On Tuesday, New Times reported the backstory behind the recent police and code enforcement crackdown in Wynwood, which has led bar owners to suspect that Operation Dry Hour is more about downtown clubs stifling competition than about safety. When we looked into the allegations, we found that downtown clubs do, in fact, have a close and lucrative relationship with police. The clubs have complained to both cops and local politicians about "unfair competition" from Wynwood bars. And police have admitted these complaints spurred them to action in the up-and-coming neighborhood.
But one downtown club owner accuses New Times of fomenting conspiracy theories. "This reporter likes half-truths as much as half-baked ideas," says Michael Slyder, owner of Mekka and president of the Miami Entertainment District Association. Click through for his full response to the piece.
Slyder does make some good points, such as that Wynwood bar owners' ignorance of the law is no excuse and that lax regulation puts the public at risk. But both of those points are spelled out repeatedly in the article.
He also makes some personal attacks, calling me a "hack, gonzo-want-be-journalist." (You're only half-right, Michael. My daily mescaline intake alone qualifies me as a full-bore gonzo quack.)
Psychotropics aside, I stand fully by my article.
Slyder also asks if New Times readers are "so stupid as to believe this crap." I trust they are smart enough to read the article and decide for themselves what is going on in Wynwood.
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Here is Slyder's full email to New Times:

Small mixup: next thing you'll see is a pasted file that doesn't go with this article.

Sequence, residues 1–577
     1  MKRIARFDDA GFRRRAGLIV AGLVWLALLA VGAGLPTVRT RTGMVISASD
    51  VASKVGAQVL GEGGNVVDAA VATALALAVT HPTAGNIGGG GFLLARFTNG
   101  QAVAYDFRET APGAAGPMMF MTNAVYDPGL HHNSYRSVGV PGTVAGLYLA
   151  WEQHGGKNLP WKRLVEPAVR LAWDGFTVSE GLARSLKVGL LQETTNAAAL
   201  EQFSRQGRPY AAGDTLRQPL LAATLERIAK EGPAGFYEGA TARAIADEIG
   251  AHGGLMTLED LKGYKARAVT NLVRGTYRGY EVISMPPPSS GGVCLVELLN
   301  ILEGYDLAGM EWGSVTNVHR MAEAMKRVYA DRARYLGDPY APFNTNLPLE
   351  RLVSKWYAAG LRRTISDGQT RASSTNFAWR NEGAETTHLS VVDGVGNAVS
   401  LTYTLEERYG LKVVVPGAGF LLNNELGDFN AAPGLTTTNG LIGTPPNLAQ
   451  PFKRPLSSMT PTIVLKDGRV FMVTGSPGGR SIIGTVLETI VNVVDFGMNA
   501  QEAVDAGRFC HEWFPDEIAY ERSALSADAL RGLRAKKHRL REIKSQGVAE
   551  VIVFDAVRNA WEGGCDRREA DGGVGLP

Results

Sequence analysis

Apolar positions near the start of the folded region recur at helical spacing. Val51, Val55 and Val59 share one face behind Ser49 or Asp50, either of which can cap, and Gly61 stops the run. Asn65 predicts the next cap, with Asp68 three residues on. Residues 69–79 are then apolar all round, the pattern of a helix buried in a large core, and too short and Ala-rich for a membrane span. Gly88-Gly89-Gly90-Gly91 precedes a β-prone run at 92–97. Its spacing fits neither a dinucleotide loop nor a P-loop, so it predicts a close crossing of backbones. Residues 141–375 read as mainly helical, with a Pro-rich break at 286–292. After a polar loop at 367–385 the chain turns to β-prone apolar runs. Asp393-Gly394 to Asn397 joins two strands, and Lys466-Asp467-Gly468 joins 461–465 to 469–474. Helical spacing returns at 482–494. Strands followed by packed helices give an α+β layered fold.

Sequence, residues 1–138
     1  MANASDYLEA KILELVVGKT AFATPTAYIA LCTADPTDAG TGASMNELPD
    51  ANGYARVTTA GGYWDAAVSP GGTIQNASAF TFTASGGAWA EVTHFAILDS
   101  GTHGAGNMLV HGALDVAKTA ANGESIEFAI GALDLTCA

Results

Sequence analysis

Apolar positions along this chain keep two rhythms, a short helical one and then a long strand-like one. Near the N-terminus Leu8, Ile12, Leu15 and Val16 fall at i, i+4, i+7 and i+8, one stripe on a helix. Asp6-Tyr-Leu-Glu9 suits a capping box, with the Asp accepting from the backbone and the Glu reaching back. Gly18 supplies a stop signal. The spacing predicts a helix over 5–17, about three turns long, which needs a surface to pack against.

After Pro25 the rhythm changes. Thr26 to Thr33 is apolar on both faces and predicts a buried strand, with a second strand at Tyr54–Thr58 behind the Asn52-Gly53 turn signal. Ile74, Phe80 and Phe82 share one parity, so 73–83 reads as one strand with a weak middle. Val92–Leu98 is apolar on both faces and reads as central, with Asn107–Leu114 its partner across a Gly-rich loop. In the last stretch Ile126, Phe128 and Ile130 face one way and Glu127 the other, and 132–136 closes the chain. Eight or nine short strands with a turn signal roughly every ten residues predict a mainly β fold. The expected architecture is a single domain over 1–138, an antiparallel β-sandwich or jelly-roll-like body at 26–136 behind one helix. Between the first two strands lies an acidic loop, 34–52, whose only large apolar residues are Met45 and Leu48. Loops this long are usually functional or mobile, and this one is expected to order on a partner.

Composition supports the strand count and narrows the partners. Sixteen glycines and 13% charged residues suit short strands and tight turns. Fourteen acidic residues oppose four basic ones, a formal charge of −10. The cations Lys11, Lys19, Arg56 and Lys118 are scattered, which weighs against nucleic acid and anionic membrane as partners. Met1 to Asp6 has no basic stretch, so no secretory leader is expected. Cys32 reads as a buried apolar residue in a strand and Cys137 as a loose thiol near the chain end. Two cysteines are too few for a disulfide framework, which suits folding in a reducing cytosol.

Ignorance isn't bliss - it's just damn ignorance. It appears that the owners cited in the article freely admit that they have violated the law and don't seem to draw the connection between law enforcement and their actions, opting instead to frolic in the grassy knoll of conspiracy theory. As I said to the hack, gonzo-want-be-journalist Mr. Michael Miller, the bars in the Entertainment District have and continue to be closely regulated by the police and that this has been the case since late 2007. We have been cited, arrested, and shut down into code compliance. There are many lines that we do not cross and we accept the limitations imposed on us. We rarely apply for special event permits because we know that the City will expect strict compliance with fire and safety codes. Downtown clubs don't have outside music and have expended hundreds of thousands of dollars to lessen our sound footprint in the district, including the costly enclosure of an open terrace. Don't think for a second that the police and fire department have moved on from our district. Mr. Miller was also told about a MEDA member that was recently shut down for serving past 5am; another member had fire code complications that seriously impacted his plans for this year's Winter Music Conference. This reporter likes half-truths as much as half-baked ideas. Honesty seems a rare commodity for some of the Wynwood business owners who would like you to believe that they have insubordinate employees who serve just a few minutes past 3am, that they're neighbors don't complain about noise disturbance, and that the fire department and code enforcement have cited them for minor infractions. Are the New Times readers so stupid as to believe this crap? Public safety and compliance with the law is not optional. You can't grow a business by violating the law and in doing so, create an unfair advantage against your supposed "Park West competitors". Yes, you heard me correctly - an UNFAIR advantage. Given the expenses in Park West, do you think that these clubs can compete with small bars with no cover and two-for-one drink specials? The Miami Entertainment District Association (MEDA) is more than just policing; it is an organization that allows us to work together for the common good of not only our businesses but our community - a bit syrupy and cliché but nonetheless the truth. We have provided back-packs and Christmas toys to thousands of local children, sponsored gun buy-back programs, and have contributed to a number of other community causes. Why don't you write about that Mr. Miller? But if it is the hiring of police that interests you, then it should be noted that violent crime in the Entertainment District has decreased approximately 15 percent since the policing program began in 2010. Our security receive regular training from the police and are taught that they are protectors - not overzealous enforcers. We call for service without hesitation before an incident escalates into a serious problem where people can get hurt. MEDA officers work under the direction of the Commander and recognize that the management of a nightlife economy is most effective when it is done in cooperation with the businesses. Cooperation is not synonymous with collusion; I know it's not sexy or salacious but it is nonetheless the truth...the full truth...and the only truth. Conspiracy theory implies an "Unlawful plan formulated in secret by two or more persons". It appears by Mr. Miller's own admission that several of the Wynwood bars have conspired to secretly complain to the Miami New Times about a rogue business group that is resolute on shutting bars down that knowingly violate the law. Are we left to believe that the Miami New Times is nothing but a propaganda machine deployed by some clandestine, shadowy group in Wynwood to shift public opinion so that the police will step back and allow these bars to continue serving liquor well into the morning hours? I have no facts to support such ridiculous claims and the fact that no one really cares about what the New Times has to say inoculates me from such silly, irrational paranoia. One final point: let's imagine for a moment an ugly, horrific event that occurs sometime in Miami's future. Allow me to provide the New Times title of the article: "Miami Bar Owners Found Guilty of Faulty Wiring in Killer Fire - Police and Fire Departments under Suspicion". There is no one better than Mr. Miller and the Miami New Times at concocting conspiracy theory. Mike Slyder, MEDA